Now remember, what I've shown you in images is a computer forecast model. There always needs to be some human interjection to make a good forecast. Thats what I do! And also what the National Weather Service does. Here's a look at the actual forecast snowfall totals from the National Weather Service. This shows through the end of Saturday, April 1. No joke!
Canada: Plenty of new snow opportunities in Canada this week. The same storm I mentioned in the Midwest/Northeast section will bring fresh snow to our Eastern Canada mountains in Quebec and Ontario Friday-Saturday. Again, depending on storm track, forecast amounts may vary by the weekend. Generally, 5 – 10 cm looks achievable, with locally higher amounts if the storm sneaks a little farther north. Just enough to soften up the trails. In Western Canada, a storm system brings ample mountain snow Thursday (March 30). Many ski areas in British Columbia and Alberta will squeeze out 20-40cm from Thursday-Friday. Enjoy that!
That's all for this week's SnoCountry SnoCast, skiers and riders. Have a blast with any new snow in your area. As always, I'll catch you next Wednesday for the next edition of SnoCast right here on SnoCountry.com.
Special thanks to Lyndon State College student forecasters Amanda Stone, Scott Myerson, and Christopher Kurdek for their weekly contributions and forecasts.
Snowbasin joins The Mountain Collective. (Snowbasin Facebook)
Sugarbush, Vermont and Snowbasin, Utah have joined The Mountain Collective for the 2017-18 season, bringing the pass alliance count to 16 resorts worldwide, with more than 51,306 acres of terrain, 2,517 trails and 458 lifts.
A limited number of Mountain Collective passes are on sale for $399.
Also new for the 2017-18 season, Alta and Snowbird in the Salt Lake City area, and Banff Sunshine and Lake Louise in the Banff National Park area will be considered as separate and distinct destinations, providing passholders with two days at each and unlimited 50 percent off days with no blackouts.
The dividing of the destinations along with the addition of Snowbasin and Sugarbush brings the total ski days available from full partners to 32 days at 16 destinations.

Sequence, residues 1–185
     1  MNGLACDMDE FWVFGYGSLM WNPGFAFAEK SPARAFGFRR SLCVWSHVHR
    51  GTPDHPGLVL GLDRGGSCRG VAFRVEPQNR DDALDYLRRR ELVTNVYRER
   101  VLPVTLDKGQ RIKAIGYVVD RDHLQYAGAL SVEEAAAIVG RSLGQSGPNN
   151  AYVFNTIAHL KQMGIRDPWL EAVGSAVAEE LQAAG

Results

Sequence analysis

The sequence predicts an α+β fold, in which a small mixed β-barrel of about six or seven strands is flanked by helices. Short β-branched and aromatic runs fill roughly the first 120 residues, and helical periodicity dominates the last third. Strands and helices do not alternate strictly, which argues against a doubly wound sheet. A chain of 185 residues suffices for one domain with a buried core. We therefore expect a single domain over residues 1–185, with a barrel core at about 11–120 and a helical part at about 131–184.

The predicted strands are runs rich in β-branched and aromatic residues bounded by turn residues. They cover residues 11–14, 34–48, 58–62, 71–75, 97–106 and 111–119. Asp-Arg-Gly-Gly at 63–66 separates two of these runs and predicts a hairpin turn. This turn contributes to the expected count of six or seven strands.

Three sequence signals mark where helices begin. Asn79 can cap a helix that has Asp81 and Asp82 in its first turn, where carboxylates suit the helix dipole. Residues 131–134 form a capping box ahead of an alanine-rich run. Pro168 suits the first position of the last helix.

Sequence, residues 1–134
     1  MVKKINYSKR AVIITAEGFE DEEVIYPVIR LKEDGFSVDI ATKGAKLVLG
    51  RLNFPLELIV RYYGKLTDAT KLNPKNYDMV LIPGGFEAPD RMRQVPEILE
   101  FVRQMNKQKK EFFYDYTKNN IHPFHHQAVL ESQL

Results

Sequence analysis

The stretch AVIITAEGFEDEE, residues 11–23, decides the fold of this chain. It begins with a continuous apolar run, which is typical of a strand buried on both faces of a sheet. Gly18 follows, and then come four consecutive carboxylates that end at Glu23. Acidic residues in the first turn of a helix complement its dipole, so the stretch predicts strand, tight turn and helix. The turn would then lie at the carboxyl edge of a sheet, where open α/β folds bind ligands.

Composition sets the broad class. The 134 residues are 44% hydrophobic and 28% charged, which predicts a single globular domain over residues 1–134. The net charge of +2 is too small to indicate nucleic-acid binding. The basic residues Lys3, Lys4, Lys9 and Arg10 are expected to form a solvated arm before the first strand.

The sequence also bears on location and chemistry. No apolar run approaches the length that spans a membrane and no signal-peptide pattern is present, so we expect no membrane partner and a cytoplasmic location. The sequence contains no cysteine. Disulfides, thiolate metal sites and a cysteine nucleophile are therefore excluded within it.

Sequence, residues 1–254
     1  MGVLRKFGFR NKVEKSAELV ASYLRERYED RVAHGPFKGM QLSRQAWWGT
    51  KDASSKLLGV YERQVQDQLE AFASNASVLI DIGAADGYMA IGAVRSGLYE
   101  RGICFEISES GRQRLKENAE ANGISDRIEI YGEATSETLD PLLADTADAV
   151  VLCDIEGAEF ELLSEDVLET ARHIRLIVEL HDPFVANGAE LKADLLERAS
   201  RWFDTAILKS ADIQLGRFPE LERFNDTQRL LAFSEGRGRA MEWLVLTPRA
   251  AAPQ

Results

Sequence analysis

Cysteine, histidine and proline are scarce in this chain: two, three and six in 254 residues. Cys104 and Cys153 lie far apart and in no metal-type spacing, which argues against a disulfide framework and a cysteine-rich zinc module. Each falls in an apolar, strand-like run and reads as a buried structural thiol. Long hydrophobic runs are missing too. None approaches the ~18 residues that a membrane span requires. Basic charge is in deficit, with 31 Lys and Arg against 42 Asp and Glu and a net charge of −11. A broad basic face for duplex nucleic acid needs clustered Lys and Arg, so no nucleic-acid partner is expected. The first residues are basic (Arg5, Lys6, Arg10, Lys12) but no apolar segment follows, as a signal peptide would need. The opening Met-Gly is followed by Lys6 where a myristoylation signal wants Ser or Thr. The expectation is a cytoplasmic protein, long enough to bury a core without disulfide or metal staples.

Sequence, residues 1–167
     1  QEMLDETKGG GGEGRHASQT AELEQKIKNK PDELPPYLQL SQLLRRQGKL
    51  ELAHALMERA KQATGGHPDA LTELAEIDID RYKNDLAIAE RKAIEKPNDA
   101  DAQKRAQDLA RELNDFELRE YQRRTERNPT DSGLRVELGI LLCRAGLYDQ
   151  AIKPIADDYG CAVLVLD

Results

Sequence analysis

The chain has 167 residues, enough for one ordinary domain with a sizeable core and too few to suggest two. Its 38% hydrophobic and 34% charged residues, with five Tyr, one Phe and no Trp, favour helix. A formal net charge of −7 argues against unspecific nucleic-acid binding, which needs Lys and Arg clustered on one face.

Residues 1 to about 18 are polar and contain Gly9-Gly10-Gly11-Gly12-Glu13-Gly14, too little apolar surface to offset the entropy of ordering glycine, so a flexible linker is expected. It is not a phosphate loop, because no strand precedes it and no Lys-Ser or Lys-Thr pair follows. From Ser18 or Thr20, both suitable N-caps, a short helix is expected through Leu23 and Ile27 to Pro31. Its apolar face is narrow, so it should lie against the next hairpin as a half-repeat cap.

In addition, spring pass purchasers receive one bonus day at the destination of their choice and two additional days at Global Affiliate Resorts - Valle Nevado, Chile, Hakuba Valley, Japan and Chamonix Mont Blanc, France.
For a limited time, pricing for the kids pass (12 and under) is just $1 for the 2017-2018 season when purchased this spring with an Adult Pass, offering an incredible deal for families.
Sugarbush and Snowbasin join Alta, Aspen Snowmass, Banff Sunshine, Coronet Peak – The Remarkables, Jackson Hole, Lake Louise, Mammoth, Revelstoke, Snowbird, Squaw Valley Alpine Meadows, Sun Valley, Taos, Telluride and Thredbo.
“We are delighted to join the Mountain Collective, and feel that it is a great fit for Sugarbush,” says Win Smith, President and majority owner of Sugarbush. “The Collective brings together the best independently-owned ski resorts across the country—and some abroad—and offers a terrific pass product, as well as benefits for each mountain’s passholders and staff. We are honored to be in the company of these well-respected mountains and are excited to offer these additional benefits to our Sugarbush community. I have personally skied at many of the Mountain Collective resorts and consider them among my favorites.”
“Snowbasin Resort is honored to join the Mountain Collective family,” says John Loomis, Snowbasin resort general manager. “The Mountain Collective offers skiers and riders the opportunity to enjoy the finest mountain resorts in the world. Snowbasin Resort, home to the speed events in the 2002 Winter Games, is proud to add to the opportunities for passholders.”